Goldman Sachs reportedly predicted that India's grocery etailing market will hit $40 million in the current fiscal, posting a compounded growth rate of 62 per cent from 2016 to 2022. So, obviously, all the ecommerce majors in the country are eyeing this space, the latest one being the now Walmart-backed Flipkart.
According to The Economic Times, the Bangalore-based etailer aims to launch grocery services in five cities by July, beginning with Hyderabad and followed by Chennai, Mumbai, Delhi-NCR and Pune. This follows the company's soft launch for the groceries category in Bangalore last November under a tab called Supermart.
It reportedly notches up 200-300 orders on average daily, going up to 2,000 orders on days that have some promotions running. So in the Garden City, Flipkart is now planning to scale up and move into the "fresh" - read perishable - category of fruits and vegetables. It has already set up a warehouse near Whitefield that boasts a capacity to handle 3,000 orders a day from Bangaloreans.
"We are looking to solve consumer needs in (the grocery) category. That's the first step, and we will build the category through the course of the year," said a Flipkart spokeswoman.
Recognising that it will be facing stiff competition from well-entrenched rivals like BigBasket, Grofers and Amazon India, it is expected to offer steep discounts of 25-50 per cent on groceries purchased at the beginning and end of each month.
"Flipkart wants to capture the customers that shop for groceries in the first 10 days (of a month), who make up 60% of the customer base," a source in the know told the daily, adding, "It wants to expand its customer base through these low-ticket yet high-frequency purchases."
This is not the first time that Flipkart is eyeing the grocery segment. Back in 2015, it had briefly flirted with the business through its app Nearby, which tapped local kirana stores.
This time round, it is likely to be a lot more successful since it will be able to leverage Walmart's omni-channel retail expertise, grocery and general merchandise supply-chain knowledge and financial strength. Let's not forget that the US brick-and-mortar behemoth already operates 21 Best Price cash-and-carry stores in 19 cities across nine states, and has announced plans to scale up to 50 new stores in the next five years.
In the meantime, here's what its biggest competitor is up to. Last month Amazon India announced plans to set up five more warehouses in as many cities, including Bangalore, Gurgaon and Mumbai, before the festive season of 2018.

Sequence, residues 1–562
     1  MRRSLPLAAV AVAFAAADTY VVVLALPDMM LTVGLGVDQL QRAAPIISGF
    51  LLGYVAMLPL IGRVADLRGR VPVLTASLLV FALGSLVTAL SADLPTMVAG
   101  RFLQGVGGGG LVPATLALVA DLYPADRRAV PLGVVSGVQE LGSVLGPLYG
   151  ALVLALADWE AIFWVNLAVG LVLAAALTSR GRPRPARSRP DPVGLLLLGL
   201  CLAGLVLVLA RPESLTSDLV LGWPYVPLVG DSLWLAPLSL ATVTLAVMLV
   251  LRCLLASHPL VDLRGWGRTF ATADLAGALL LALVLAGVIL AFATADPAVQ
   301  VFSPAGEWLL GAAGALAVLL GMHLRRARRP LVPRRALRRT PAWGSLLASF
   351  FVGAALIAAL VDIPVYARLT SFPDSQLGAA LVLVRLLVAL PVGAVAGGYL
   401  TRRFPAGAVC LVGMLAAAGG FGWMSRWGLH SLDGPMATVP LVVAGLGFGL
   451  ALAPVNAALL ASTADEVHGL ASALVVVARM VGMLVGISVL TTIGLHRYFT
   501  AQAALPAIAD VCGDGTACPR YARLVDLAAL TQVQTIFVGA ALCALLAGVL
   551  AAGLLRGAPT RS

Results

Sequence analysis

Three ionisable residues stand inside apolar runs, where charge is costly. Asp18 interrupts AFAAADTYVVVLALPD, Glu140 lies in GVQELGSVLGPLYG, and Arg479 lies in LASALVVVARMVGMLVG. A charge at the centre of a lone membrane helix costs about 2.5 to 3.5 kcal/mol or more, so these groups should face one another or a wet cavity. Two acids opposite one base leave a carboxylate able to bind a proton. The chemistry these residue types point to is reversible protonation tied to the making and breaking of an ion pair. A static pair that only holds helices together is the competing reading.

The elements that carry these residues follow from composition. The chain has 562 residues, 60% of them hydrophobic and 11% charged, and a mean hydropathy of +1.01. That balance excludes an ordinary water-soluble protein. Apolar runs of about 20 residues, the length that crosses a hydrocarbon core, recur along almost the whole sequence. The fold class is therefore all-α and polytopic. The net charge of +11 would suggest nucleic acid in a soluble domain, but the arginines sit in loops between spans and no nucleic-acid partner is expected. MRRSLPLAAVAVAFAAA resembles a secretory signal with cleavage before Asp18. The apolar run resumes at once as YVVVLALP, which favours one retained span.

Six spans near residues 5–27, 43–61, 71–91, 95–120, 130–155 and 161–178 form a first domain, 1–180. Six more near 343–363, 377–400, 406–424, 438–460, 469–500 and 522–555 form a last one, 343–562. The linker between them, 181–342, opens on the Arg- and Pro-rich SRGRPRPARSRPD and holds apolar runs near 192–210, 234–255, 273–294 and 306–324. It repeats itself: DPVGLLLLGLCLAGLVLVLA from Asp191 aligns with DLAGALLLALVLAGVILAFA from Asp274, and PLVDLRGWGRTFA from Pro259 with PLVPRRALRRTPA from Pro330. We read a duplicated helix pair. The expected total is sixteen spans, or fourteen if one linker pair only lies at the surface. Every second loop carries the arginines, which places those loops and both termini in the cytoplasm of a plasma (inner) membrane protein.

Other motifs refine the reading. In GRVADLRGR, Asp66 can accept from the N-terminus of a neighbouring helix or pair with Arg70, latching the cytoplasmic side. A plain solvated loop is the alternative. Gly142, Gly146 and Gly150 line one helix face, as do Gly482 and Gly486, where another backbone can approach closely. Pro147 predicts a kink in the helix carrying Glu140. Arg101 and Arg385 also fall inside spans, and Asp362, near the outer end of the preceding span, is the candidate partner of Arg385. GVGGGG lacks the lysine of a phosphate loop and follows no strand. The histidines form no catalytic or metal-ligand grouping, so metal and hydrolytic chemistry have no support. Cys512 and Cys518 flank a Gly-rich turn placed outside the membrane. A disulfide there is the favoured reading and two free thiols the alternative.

With this new addition, Amazon will have 67 fulfilment centres in 13 states, creating a specialised network for Amazon Now, its hyper-local grocery delivery business. The latter promises two-hour deliveries and is already operational in four cities. In Bangalore alone it reportedly manages 2,000 orders per day. It also has Amazon Pantry, an online supermarket offering next day deliveries in 34 states across India.
But it is dreaming bigger still, and is betting on AmazonFresh - the parent company's flagship fresh grocery delivery service in the US. "I would not speculate on when we would launch AmazonFresh but, absolutely, if you ask me the next five years of vision, from your avocados to your potatoes, and your meat to your ice cream, we'll deliver everything to you in two hours," Amit Agarwal, the India head of Amazon told Reuters last month.
He added that groceries and FMCG products such as creams, soaps and cleaning products, were already the largest product category on Amazon in terms of number of units sold in India. No wonder the company sees groceries and household products to account for over half of its business in India by 2023.
Also not to be taken lightly are the flush-with-funds BigBasket and Grofers, India's largest online grocers. In February, Bangalore-based BigBasket raised $300 million Series E funding in a round led by Alibaba, China's largest e-commerce firm, and a month later, Grofers raised around $62 million in a round led by existing investor SoftBank. Meanwhile, several niche startups like ZopNow, Milkbasket, DailyNinja among others are also making their presence felt. Last heard, Swiggy wants in on the action too. The bottomline? Prepare to be spoilt for choice.
With agency inputs